Up, down, all around. Just like a roller coaster. This is a fitting way to describe the stock market over the past six months. There have been heart-pounding dips and confidence-building peaks. But oftentimes, the market has been as loopy as the latest attraction at Six Flags.
Yes, investors have been taken for quite a ride: Feelings of uncontrollable exuberance have been followed by nagging uncertainty as they have tried to figure out what sectors are in or out of favor, and where to put their money in this market. It’s not an easy proposition. To put things in perspective, the Dow Jones industrial average crossed the 11000 threshold in August for the first time since April on the strength of tobacco, banking, and cyclicals. The tech-driven Nasdaq, however, has been short-circuited by profit-taking and negative earnings surprises.
To help explain the ride-and help you ride it out-we assembled our roundtable of market mavens for their semiannual meeting. This time, we mixed up our panel with a growth-stock money manager, a value-oriented portfolio manager, a telecom and utilities expert, and a manager who uses what he calls a “focused equity” approach to gain the best returns. The members of our roundtable were Stephen Humphrey, portfolio manager of the $100 million Lord Abbett Large Cap Growth Fund (year-to-date performance for the nine-month-old fund: 3%), which invests in “dominant companies” with a market capitalization of $8 billion or more and double-digit earnings; Nathaniel Carter, president and chief investment officer of Lakefront Capital Investors, which manages $48 million in institutional assets, and portfolio manager of the $3 million Victory Lakefront fund (year-to-date performance: -1.09%; 1999 performance: 13.9%), which focuses on large-cap value equities; Doris Kelley-Watkins, senior vice president and portfolio manager of the $447 million Evergreen Utility Fund (year-to-date performance: 8%; 1999 performance: 33.7%), which invests in a broad spectrum of utilities, including telecommunications and power firms; and Stephen M. Coleman of Daedalus Capital (year-to-date performance: 18%; 1999 performance: 124%), who runs a $240 million multicap portfolio that limits its holdings to no fewer than 10 and no more 25 stocks.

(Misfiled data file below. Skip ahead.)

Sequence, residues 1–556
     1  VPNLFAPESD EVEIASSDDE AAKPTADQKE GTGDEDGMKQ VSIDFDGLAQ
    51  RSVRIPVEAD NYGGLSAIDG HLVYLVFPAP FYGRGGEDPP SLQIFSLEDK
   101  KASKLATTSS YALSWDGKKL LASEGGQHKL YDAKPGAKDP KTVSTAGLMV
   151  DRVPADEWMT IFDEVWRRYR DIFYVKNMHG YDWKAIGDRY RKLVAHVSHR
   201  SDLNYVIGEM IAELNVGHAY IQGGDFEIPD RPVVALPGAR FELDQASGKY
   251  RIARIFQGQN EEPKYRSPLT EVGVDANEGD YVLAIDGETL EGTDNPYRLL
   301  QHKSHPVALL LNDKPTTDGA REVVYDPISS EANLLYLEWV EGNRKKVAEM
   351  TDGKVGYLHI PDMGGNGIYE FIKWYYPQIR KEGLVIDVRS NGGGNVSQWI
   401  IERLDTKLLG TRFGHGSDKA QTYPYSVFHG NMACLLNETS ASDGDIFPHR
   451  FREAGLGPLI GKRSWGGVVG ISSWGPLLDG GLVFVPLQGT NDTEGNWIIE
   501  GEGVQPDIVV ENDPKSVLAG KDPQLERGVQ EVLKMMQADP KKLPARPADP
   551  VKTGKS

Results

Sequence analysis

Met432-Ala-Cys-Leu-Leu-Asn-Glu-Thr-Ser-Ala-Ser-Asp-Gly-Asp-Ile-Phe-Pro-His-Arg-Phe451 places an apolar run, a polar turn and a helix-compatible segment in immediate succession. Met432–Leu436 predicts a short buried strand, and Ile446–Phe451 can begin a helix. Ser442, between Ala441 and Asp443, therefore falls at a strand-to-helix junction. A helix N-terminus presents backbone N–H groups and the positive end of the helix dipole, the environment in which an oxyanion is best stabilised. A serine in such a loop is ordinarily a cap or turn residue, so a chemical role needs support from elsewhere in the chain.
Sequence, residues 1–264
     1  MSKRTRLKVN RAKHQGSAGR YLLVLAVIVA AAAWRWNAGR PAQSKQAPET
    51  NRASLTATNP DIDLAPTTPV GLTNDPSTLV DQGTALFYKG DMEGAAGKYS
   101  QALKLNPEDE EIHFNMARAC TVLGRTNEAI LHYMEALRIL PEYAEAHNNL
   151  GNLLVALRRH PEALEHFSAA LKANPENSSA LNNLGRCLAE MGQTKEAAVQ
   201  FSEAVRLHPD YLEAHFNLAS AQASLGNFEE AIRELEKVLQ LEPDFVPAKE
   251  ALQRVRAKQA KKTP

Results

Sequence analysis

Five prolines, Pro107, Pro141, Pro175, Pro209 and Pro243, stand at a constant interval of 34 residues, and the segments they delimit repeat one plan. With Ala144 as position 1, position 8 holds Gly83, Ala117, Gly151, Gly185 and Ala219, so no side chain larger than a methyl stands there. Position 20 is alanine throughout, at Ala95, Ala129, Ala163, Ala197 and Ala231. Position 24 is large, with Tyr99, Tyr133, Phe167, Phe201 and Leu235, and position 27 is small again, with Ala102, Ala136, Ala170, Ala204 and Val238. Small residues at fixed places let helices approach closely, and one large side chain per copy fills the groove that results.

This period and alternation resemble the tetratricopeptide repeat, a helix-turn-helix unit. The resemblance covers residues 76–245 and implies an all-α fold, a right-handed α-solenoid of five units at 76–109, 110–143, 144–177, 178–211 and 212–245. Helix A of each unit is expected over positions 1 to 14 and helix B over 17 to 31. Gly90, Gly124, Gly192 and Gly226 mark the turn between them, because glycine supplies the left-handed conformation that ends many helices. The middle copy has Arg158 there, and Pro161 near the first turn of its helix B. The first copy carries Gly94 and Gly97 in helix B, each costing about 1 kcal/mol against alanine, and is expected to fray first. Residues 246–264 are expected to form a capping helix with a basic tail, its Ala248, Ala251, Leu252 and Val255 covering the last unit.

The following are excerpts from that meeting:
BLACK ENTERPRISE: Give us your outlook on the market in the coming months.
DORIS KELLEY-WATKINS: Well, it is not uncommon that people still consider utilities a defensive instrument and, for the most part, we are. But the utility sector is changing. The [Fed] has raised rates thus far this year by about 100 basis points. Normally, that would have meant bad news for utility companies, who are very interested to pay income and so forth. But, in fact, we have been performing quite well this year, and this is because the market is performing worse. We are a sector that thrives when there is uncertainty in the general market. My management approach seeks to certainly take advantage of market fears when defensive instruments do well. But we believe that the group also provides some wonderful fundamental choices that have been able to turn in handsome returns for investors. And